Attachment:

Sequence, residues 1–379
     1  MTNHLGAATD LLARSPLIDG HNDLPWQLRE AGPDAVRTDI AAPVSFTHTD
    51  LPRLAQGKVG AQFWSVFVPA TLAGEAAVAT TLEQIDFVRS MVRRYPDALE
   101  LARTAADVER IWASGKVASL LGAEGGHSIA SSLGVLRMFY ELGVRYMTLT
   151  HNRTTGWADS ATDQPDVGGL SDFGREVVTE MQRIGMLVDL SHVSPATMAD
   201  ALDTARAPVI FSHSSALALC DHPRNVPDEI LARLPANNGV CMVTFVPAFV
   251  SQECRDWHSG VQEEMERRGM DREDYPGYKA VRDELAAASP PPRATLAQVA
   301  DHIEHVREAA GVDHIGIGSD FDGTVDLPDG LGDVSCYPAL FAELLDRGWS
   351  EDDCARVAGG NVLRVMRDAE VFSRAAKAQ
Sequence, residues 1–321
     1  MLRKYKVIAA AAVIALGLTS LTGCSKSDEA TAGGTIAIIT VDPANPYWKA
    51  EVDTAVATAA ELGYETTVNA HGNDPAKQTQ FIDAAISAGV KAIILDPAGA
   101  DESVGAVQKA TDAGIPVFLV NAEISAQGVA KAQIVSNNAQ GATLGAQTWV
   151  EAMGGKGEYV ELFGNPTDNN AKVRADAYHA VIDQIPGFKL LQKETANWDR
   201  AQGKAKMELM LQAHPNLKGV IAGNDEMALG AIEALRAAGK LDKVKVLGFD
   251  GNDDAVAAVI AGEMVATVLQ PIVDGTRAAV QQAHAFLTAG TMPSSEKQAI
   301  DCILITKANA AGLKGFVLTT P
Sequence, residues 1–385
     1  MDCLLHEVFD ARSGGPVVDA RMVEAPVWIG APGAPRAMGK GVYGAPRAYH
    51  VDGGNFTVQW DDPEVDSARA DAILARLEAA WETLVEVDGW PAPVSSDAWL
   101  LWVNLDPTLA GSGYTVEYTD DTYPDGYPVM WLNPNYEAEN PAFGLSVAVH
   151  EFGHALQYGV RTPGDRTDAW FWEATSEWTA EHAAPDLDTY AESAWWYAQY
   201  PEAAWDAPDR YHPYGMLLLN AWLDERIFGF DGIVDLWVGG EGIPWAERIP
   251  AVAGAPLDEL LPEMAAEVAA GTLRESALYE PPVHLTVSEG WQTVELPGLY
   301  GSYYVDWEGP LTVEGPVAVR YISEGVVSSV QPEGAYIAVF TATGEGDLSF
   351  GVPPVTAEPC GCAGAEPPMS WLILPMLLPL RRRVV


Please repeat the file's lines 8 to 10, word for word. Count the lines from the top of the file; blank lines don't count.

   301  DHIEHVREAA GVDHIGIGSD FDGTVDLPDG LGDVSCYPAL FAELLDRGWS
   351  EDDCARVAGG NVLRVMRDAE VFSRAAKAQ
Sequence, residues 1–321